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Growing Over Time
If many of the core values at Zegna come directly from the founder, each generation has significantly changed the company. The two sons of Ermenegildo Zegna threw themselves into developing Zegna's ready-to-wear. In 2007 clothing and accessories made up more than 90% of the company's turnover, while textile sales accounted for less than 10%. The grandchildren credit their fathers with developing exports, now 88% of total sales. "I was a kid the first time I heard my father say, 'One-third, one-third, one-third,'" says chief executive Gildo Zegna, 52. "Finally, last year we reached that: one-third America, one-third Asia, one-third Europe."
For the current generation, the push has been to develop Zegna as a global brand. That includes opening more stores (rather than selling through department stores and independent boutiques), such as the giant, carefully planned flagship locations in Milan and New York City. Gildo says the growth in emerging markets like India, Brazil and China has been wonderful for the men's business. "These new consumers want to have fun with fashion," he says. And the men in these markets, unlike those in more traditional ones, are uninhibited about spending as much as women do for clothes and accessories.
The boon of emerging markets for a company like Zegna cannot be overstated, says Paola Durante, director of Merrill Lynch's luxury group in Milan. In traditional developed markets, she says, the women's business easily represents 60% to 70% of the total. In new markets, however, the men's-to-women's share is closer to fifty-fifty. Durante notes that Zegna's determination to remain focused exclusively on the men's market is interesting to watch. "They are the leaders, with Hugo Boss, in their sector," she says. "We are all watching to see whether Hugo Boss can succeed as a menswear brand and also do women's."
Gildo says he's convinced that being unique will count with customers and therefore he won't stray from Zegna's roots. "Are margins in men's lower than women's? Yes, but so what? We are the only one dedicated to menswear," Gildo says. "We are a very masculine brand, and we are focused in what we do," he says. In 1999 the company acquired a small women's brand, Agnona, to test the waters. It has also created joint ventures to develop a shoe line and accessories.
Even if textiles no longer weigh as heavily in sales, Zegna continues to be a principal supplier of wools to the luxury-goods industry, producing in Italy and weathering competition from abroad by focusing on top-grade fabrics and capitalizing on in-house expertise. When you walk through the mill, it's fascinating to see the mingling of high tech and no tech. The raw material is prepared and then fed into sophisticated spinning machines, automated dyeing vats and noisy, lightning-fast looms. In quality control, suddenly the pace slows, as experienced Italians examine every piece of cloth. No machine can detect flaws as well as the human eye, executives claim. Some flawed pieces are sent for hand mending, and others are discarded. After several more steps, the fabric looks good but is disappointingly rough. The group of factory workers looking on laughs. "The most important is the finishing," explains one. "It gives the touch, the softness," says another. "It is the soul."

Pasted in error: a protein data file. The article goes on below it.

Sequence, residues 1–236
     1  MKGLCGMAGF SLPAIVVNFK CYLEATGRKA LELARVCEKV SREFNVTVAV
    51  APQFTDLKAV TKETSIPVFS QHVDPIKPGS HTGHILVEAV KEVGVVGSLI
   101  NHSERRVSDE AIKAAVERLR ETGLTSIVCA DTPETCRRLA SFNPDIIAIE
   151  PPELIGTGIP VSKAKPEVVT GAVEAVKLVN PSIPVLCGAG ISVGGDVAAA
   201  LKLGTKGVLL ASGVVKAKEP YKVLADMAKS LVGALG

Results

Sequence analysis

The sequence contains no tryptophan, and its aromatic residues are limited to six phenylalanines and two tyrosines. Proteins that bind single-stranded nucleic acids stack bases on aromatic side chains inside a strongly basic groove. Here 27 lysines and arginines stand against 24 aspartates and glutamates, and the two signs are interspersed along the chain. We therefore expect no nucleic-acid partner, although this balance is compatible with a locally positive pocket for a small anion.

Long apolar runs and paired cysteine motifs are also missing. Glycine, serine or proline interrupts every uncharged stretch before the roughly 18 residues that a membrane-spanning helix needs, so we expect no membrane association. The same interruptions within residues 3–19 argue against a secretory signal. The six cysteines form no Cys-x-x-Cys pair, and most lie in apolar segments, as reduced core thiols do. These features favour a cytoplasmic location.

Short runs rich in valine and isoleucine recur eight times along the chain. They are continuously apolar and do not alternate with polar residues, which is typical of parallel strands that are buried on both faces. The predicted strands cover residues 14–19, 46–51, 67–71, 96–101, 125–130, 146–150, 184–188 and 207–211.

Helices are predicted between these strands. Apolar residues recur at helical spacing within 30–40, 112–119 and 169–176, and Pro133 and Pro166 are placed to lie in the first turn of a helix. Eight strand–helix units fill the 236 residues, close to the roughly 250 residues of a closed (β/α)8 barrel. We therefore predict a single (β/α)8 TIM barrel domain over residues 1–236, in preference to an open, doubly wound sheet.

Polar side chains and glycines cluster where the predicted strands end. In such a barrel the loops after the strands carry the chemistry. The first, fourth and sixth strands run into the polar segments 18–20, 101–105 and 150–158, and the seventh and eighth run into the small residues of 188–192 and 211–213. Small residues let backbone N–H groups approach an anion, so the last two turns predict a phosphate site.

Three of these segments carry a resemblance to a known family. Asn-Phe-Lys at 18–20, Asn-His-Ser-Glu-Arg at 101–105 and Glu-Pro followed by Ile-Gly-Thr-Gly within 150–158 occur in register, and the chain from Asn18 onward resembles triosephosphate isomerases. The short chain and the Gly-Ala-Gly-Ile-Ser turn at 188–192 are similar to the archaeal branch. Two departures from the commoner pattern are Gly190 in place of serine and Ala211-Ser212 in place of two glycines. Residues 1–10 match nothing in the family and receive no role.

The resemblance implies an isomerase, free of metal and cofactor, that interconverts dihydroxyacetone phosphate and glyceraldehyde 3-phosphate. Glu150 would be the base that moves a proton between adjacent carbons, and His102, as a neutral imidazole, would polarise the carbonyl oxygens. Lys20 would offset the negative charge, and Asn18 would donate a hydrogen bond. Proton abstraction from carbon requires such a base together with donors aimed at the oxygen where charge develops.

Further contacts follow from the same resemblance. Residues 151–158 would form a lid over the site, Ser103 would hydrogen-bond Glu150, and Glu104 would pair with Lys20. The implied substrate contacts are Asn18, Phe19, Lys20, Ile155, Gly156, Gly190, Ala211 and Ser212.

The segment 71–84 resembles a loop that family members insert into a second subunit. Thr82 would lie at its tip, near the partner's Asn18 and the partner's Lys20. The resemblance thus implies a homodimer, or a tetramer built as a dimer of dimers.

Besides the emerging markets, the excitement in the men's field will be in technological improvements in finishes for fabrics, says Gildo. At the design studio in Trivero, a merry band of fabric designers delights in showing off the new smart fabrics. One squirts ketchup, then soy sauce onto a suit fabric, and then wields a green highlighter pen before spritzing the material with water and sponging it clean. This treatment, used on the Micronsphere suit, is derived from an anticondensation technique developed for Lufthansa. Other treatments are designed to prevent clothing from wrinkling, even when slept in overnight on a plane. Some fabric finishes allow suits to be machine-washed rather than dry-cleaned. There's a black fabric, which, thanks to a step in the dyeing process, acts more like the color white, reflecting some of the sun's infrared rays rather than absorbing them. The designers are testing it by taking turns wearing a jacket that is half traditional black and half new black. It's a technology borrowed from the automobile industry.
Of course, even aerospace technology trickles down and becomes more widely available and easier to copy, but the experts at Zegna say the trick lies not in implementing the technology but in using it without compromising the feel of the fabric. That requires access to the best-quality raw materials and long-term know-how.
The researchers are working away, but the holy grail for the fabric designers is still a long way off. "Imagine we could promise tomorrow that this fabric will make you feel better," says Augusto Ferraris, head of design. "This is the future."